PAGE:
A is a C3-C10 a-olefin. In a further embodiment, the ethylene/a-olefin interpolymer is an ethylene/a-olefin copolymer.

In one embodiment, the ethylene/a-olefin interpolymer of component A has a melt index (12) greater than, or equal to, 15 g/10 min, or greater than, or equal to, 20 g/10 min, or greater than, or equal to, 25 g/10 min, or greater than, or equal to, 30 g/10 min.

In one embodiment, the ethylene/a-olefin interpolymer of component A has a melt index (12) from 10 to 200 g/10 min, or from 15 to 50 g/10 min, or from 20 to 100 g/10 min, or from 25 to 50 g/10 min. In one embodiment, component B is present in an amount less than, or equal to, 4 weight percent, based on the weight of the composition.

In one embodiment, the functionalized olefin-based polymer comprises COOH groups and/or anhydride groups.

In one embodiment, the functionalized olefin-based polymer has a density from 0.86 to 0.95 g/cc (1 cc = 1 cm3).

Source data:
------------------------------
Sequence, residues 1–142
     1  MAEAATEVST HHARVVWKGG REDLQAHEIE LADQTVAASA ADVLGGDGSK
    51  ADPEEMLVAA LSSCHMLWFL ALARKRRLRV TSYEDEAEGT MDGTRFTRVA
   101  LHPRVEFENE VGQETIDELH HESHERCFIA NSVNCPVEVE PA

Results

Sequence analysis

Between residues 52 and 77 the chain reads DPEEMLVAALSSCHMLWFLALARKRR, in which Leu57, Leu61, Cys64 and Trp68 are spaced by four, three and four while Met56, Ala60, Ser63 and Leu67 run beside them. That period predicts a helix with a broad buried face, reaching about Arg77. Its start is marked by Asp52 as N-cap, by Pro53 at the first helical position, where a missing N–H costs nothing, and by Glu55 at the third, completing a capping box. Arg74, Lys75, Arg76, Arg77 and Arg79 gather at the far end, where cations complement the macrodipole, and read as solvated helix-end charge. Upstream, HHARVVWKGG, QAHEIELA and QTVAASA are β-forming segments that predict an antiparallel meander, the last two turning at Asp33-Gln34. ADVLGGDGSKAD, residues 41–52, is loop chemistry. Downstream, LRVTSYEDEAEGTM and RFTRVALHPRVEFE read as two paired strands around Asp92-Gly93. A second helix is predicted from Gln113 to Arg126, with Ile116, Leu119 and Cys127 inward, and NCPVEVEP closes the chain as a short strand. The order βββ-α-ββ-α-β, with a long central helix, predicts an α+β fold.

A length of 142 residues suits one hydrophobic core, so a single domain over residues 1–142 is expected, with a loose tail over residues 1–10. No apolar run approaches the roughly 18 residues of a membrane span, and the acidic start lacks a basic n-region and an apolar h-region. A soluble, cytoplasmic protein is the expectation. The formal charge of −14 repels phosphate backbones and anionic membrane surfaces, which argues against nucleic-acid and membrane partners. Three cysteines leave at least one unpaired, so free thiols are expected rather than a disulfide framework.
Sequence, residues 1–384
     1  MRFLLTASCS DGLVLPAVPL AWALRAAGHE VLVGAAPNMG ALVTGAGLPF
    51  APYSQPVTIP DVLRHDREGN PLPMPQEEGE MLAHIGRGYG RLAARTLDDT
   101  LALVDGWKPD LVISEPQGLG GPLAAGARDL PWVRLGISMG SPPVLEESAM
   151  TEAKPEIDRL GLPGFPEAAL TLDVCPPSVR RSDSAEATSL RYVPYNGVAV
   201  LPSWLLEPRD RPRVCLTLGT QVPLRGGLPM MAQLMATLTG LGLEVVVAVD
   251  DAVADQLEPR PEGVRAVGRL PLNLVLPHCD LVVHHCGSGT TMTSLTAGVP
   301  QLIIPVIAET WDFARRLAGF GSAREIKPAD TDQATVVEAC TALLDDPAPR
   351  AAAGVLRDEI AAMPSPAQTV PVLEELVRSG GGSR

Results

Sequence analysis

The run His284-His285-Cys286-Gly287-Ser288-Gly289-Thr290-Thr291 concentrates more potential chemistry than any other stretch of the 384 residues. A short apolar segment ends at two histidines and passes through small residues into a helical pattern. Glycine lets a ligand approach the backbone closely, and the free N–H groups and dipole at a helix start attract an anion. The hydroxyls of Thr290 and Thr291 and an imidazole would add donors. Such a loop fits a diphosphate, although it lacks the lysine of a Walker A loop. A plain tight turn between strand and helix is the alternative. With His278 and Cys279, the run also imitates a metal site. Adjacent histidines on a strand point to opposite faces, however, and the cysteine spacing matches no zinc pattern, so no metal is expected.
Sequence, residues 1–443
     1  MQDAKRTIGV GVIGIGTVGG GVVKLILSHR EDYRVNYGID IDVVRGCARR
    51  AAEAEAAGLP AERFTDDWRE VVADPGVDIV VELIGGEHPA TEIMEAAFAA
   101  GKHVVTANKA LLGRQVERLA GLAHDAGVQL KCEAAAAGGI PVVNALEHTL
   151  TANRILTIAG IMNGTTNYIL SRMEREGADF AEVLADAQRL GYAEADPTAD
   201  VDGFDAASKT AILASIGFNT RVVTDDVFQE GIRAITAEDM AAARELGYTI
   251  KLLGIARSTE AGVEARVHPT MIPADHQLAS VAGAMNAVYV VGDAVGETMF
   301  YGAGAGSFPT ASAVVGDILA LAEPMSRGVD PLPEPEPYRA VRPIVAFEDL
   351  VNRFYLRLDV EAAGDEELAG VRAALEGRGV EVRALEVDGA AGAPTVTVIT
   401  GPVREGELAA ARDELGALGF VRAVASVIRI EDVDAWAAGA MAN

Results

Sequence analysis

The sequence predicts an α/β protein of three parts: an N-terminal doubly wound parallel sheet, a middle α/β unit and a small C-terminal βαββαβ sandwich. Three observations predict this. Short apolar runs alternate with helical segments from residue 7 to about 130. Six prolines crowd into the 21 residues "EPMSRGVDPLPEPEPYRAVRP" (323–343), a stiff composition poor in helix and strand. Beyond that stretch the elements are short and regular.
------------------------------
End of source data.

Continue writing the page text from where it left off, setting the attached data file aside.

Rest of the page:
In one embodiment, the functionalized olefin-based polymer has a melt index (12: 2.16kg/190°C) from 0.2 g/10 min to 50 g/10 min, or from 0.5 g/10 min to 20 g/10 min, or from 1 g/10 min to 10 g/10 min.

In one embodiment, the functionalized olefin-based polymer is selected from a functionalized ethylene-based polymer or a functionalized propylene -based polymer.

In one embodiment, the functionalized olefin-based polymer is a functionalized propylene-based polymer, further a functionalized propylene -based interpolymer, and further a functionalized propylene-based copolymer.

In one embodiment, the functionalized olefin-based polymer is a functionalized ethylene-based polymer, further a functionalized ethylene-based interpolymer, and further a functionalized ethylene-based copolymer.

In one embodiment, the functionalized ethylene-based polymer comprises units derived from ethylene and an acrylic acid or an acrylate. In a further embodiment, the acrylate is selected from ethylacrylate, methylacrylate or butylacrylate.